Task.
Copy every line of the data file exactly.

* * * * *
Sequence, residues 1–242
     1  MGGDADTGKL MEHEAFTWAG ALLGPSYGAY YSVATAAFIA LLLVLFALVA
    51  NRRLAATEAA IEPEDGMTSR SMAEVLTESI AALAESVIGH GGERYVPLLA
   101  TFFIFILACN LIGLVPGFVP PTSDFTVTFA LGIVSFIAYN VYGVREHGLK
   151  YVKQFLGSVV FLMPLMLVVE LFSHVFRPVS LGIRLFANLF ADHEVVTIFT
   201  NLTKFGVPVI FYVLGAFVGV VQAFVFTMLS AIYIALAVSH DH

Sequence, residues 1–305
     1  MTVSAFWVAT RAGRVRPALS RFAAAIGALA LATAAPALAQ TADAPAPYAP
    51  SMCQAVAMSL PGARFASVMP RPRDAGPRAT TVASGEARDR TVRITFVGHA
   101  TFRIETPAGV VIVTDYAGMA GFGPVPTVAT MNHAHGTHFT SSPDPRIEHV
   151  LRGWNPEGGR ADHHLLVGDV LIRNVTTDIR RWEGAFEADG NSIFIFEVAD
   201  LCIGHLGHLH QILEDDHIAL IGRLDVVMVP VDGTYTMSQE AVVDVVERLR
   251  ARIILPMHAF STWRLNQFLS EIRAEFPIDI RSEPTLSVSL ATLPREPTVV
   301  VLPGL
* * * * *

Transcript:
Sequence, residues 1–242
     1  MGGDADTGKL MEHEAFTWAG ALLGPSYGAY YSVATAAFIA LLLVLFALVA
    51  NRRLAATEAA IEPEDGMTSR SMAEVLTESI AALAESVIGH GGERYVPLLA
   101  TFFIFILACN LIGLVPGFVP PTSDFTVTFA LGIVSFIAYN VYGVREHGLK
   151  YVKQFLGSVV FLMPLMLVVE LFSHVFRPVS LGIRLFANLF ADHEVVTIFT
   201  NLTKFGVPVI FYVLGAFVGV VQAFVFTMLS AIYIALAVSH DH

Sequence, residues 1–305
     1  MTVSAFWVAT RAGRVRPALS RFAAAIGALA LATAAPALAQ TADAPAPYAP
    51  SMCQAVAMSL PGARFASVMP RPRDAGPRAT TVASGEARDR TVRITFVGHA
   101  TFRIETPAGV VIVTDYAGMA GFGPVPTVAT MNHAHGTHFT SSPDPRIEHV
   151  LRGWNPEGGR ADHHLLVGDV LIRNVTTDIR RWEGAFEADG NSIFIFEVAD
   201  LCIGHLGHLH QILEDDHIAL IGRLDVVMVP VDGTYTMSQE AVVDVVERLR
   251  ARIILPMHAF STWRLNQFLS EIRAEFPIDI RSEPTLSVSL ATLPREPTVV
   301  VLPGL